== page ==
We couldn’t sleep. Something was gnawing at us. It was Ultimo angst.
See, Ultimo angst is very different to Newtown angst, or Surry Hills angst, or whatnot. You’re meant to feel angst in those places, they’re edgy, right? You feel Surry Hills angst because that junkie on your doorstep didn’t move when you tried to get in your doorway. You feel Newtown angst because the house next door has a party going and you’re not invited.
Our feelings of Ultimo angst were about the suburb’s peculiar perception as a “second class” suburb. A suburb not worthwhile going to. A suburb that is hard to define. A suburb where nothing goes on. It’s not an economic thing, it’s a boring-suburb thing. Not that we think Ultimo is boring, but we know plenty of people do. That’s what has made Penultimo so interesting as a project - finding the fascinating in the unaccountably dull. But there is more to be said than this.
Ultimo is a case of the ruined MAIN STREET.
Main Streets. Old urban planning trope. Many successful Sydney suburbs have them. Balmain has Darling Street. Paddo has Oxford. Newtown has King Street. Enmore has Enmore Road. Glebe has Glebe Point Road. Leichhardt has Norton. Some suburbs have two, but you get the picture.
The ‘commercial strip’ in all these places (and many others) is immediately perceived as the heart of these suburbs. Often these roads carry a fair bit of traffic, but they’re slow places to get through - usually two lane, sometimes four lane. Almost never five, six lanes of traffic. And in these streets, traffic is very often slowed by pedestrian crossings, frequent pedestrian traffic lights, and drunk pedestrians wandering out, etc. The main street is usually zoned for retail on the ground floor, and in the aforementioned streets - shops are (often) booming and rents are high.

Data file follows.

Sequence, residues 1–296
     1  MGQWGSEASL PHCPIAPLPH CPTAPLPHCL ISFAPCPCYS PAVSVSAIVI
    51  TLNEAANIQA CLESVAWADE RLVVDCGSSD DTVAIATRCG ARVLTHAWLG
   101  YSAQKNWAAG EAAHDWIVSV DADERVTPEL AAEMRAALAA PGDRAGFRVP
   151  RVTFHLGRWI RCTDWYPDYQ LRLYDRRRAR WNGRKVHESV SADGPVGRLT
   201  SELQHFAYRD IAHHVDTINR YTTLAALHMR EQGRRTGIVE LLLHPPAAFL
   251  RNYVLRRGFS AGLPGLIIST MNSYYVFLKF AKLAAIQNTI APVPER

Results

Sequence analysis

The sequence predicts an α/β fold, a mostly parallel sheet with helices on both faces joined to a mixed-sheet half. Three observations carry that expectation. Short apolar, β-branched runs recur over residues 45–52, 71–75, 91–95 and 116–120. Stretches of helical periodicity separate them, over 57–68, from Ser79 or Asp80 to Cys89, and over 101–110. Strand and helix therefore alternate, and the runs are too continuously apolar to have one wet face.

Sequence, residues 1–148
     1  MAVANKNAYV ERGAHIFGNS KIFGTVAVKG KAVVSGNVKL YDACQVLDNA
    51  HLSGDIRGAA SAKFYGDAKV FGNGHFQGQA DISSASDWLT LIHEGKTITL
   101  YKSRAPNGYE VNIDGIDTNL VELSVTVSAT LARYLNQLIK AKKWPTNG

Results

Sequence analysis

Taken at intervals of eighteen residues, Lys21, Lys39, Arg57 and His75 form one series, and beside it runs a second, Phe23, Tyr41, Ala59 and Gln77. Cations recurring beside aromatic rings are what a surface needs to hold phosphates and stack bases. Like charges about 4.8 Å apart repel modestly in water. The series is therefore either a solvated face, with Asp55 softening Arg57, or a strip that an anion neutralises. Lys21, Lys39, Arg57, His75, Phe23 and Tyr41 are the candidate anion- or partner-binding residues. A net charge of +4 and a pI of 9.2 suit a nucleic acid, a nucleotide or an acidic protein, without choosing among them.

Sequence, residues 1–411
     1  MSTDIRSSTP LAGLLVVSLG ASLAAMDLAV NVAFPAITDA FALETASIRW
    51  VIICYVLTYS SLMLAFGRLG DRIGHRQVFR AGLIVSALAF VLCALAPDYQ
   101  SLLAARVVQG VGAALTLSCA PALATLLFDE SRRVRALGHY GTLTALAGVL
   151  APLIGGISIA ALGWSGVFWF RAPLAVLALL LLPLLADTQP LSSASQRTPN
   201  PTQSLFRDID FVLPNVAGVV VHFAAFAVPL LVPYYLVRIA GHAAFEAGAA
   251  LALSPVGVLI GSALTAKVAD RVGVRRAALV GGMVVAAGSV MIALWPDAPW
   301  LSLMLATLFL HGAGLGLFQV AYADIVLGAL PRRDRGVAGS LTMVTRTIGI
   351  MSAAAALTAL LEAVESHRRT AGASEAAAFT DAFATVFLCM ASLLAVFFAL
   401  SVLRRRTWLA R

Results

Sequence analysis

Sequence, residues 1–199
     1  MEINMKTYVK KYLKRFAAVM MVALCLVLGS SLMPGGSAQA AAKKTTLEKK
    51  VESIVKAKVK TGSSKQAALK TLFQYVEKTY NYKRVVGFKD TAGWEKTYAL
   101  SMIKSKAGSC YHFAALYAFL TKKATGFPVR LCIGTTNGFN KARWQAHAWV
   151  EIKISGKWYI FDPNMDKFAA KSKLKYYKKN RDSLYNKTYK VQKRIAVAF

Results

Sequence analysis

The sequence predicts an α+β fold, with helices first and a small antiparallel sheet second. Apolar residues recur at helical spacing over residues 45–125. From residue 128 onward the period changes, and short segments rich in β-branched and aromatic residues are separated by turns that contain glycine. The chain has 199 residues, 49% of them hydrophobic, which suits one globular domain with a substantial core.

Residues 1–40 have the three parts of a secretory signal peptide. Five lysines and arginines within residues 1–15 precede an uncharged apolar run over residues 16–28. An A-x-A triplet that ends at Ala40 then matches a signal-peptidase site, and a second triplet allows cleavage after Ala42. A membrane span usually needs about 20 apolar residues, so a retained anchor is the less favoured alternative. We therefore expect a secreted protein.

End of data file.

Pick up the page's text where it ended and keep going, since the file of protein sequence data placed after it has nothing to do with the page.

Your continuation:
But what’s going on over this way, in Ultimo, with regards to a Main Street? Well, firstly, Pyrmont definitely has a Main Street - it’s Harris Street, and there you will find some of your basic retail activity: a newsagency, cafes, laundromats (although it is harder to find the old basics, like a butcher, baker, green grocer — supermarkets have squeezed those out, but that’s another story).
Ultimo also has Harris Street. But what happens to Harris Street in Ultimo? It becomes a major traffic flow road - it’s six lanes wide in some sections, and has patchy retail / commercial / residential zoning. Add to the mix a heavy, overhanging cement freeway, which makes some of the area dark and faintly predatory, and you have got yourself a dysfunctional Main Street. It is highly pedestrian-unfriendly, which gives businesses little incentive to set up retail there. While Harris Street in Ultimo does have businesses: cafes, take-away stores, a hairdresser, a beauty salon - these businesses are patchy - set in-between many illegible shopfronts.
Legibility - that’s another old urban planning trope. Legibility and walkability leads to positive neighbourhoods.
Is it so radical to suggest that Harris Street be made four lane, or even two lane, in parts? We aren’t road engineers, and we’re sure the RTA would think this idea is unworkable (where, they might ask, is the traffic going to go instead)? Oh, we don’t know - maybe nowhere? Maybe home? Maybe they could just not bring their cars today?
If Harris Street, Ultimo, was NOT used as a high speed traffic funnel, then we might have something approaching a liveable suburb with a main street that is economically viable for retail, and safe for pedestrians and cyclists. Is that too much to ask?